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Klinefelter's Syndrome

more about Klinefelter's Syndrome


  • Males have one X-chromosome and one Y-chromosome.  Females have two X-chromosomes.  In Klinefelter's syndrome, a male gets an extra X-chromosome and therefore has two X-chromosomes and one Y-chromosome.  There are some individuals who have a mosaic genetic pattern -- part XXY and part XY -- that determines to what extent the individual is affected.

  • Few symptoms and signs in childhood
  • Long arms and legs
  • Tall, slim, and underweight
  • Enlarged male breasts
  • Small testicles
  • Mental retardation
  • Psychosocial, learning, or school adjustment problems
  • Anxiety, immaturity, excessive shyness, or aggressiveness, such as fire-setting behavior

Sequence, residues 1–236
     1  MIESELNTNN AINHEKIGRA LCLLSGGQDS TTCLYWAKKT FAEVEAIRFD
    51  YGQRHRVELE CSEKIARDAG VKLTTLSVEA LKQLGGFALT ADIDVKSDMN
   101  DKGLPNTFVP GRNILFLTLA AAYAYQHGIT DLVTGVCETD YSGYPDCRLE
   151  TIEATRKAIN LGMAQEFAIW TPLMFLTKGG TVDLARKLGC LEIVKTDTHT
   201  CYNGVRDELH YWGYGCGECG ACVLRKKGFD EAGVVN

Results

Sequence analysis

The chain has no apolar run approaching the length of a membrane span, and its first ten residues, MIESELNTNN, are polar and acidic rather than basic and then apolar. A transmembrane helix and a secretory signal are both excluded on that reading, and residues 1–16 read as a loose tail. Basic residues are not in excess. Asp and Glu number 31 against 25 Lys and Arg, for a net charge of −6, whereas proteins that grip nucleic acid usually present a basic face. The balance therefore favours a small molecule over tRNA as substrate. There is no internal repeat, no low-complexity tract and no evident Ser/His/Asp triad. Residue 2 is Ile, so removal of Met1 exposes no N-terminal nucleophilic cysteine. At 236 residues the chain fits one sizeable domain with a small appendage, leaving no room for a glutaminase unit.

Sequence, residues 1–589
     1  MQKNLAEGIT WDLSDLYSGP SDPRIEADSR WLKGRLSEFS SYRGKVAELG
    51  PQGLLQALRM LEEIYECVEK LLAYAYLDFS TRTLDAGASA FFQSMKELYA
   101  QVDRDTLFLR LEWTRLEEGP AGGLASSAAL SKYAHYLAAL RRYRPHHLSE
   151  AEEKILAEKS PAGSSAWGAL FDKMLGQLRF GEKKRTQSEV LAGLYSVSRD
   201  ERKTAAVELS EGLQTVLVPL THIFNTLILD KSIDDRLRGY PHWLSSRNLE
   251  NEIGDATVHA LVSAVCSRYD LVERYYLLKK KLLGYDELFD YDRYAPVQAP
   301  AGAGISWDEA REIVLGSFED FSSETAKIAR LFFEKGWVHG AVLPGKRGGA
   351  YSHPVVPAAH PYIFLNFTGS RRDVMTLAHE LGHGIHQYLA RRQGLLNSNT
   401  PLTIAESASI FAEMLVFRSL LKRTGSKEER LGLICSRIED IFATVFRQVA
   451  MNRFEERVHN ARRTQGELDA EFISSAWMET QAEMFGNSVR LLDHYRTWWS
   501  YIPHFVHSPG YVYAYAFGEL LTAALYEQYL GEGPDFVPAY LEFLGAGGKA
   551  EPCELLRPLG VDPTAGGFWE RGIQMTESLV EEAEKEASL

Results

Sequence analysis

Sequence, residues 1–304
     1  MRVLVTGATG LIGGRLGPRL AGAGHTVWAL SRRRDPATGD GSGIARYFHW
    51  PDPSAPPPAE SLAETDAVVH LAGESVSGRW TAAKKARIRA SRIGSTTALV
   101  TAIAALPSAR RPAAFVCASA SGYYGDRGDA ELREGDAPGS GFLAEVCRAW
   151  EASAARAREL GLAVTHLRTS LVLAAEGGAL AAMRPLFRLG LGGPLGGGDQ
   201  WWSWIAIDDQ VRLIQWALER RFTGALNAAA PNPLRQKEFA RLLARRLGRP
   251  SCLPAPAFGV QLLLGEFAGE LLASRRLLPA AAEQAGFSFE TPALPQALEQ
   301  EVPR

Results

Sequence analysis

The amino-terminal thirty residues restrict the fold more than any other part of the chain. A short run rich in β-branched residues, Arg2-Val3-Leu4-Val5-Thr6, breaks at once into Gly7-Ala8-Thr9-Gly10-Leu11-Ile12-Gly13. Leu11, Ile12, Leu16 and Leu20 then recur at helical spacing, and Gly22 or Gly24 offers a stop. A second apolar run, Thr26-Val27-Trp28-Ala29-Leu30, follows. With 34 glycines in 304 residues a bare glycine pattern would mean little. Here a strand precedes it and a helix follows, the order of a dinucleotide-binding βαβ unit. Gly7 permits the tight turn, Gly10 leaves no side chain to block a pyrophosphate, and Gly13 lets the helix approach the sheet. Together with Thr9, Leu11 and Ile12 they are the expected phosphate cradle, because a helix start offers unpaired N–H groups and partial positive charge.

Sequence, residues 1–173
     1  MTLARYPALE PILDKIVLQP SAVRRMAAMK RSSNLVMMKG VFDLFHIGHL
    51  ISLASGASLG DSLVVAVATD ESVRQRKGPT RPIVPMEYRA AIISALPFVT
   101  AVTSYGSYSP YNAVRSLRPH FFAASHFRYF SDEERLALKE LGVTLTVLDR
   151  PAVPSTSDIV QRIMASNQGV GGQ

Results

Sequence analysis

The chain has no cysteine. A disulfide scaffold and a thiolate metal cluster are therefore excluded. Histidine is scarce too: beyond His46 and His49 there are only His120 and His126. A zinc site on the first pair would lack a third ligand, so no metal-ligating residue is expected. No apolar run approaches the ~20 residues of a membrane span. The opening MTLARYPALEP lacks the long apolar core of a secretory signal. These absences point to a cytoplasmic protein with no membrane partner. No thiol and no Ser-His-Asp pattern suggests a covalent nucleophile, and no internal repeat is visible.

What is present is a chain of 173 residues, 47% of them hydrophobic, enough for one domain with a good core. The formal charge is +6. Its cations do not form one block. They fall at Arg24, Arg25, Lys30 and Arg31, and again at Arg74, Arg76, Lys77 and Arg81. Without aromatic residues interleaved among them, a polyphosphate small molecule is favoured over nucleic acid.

• Delayed pubertal development
  • Sparse facial hair
  • Infertility

  • Genetic testing
  • Slightly low level of testosterone
  • Elevated gonadotropins after mid-puberty
  • Testicular biopsy -- abnormal findings

  • Testosterone is often supplemented (though this will not reverse infertility).
  • Cosmetic surgical removal of extra breast tissue may be considered.

  • There is increased risk of breast cancer (though still much less than females), lung disease, Leukemia, and varicose veins.
  • Mild increase in the risk of mental retardation and diabetes




more about Klinefelter's Syndrome


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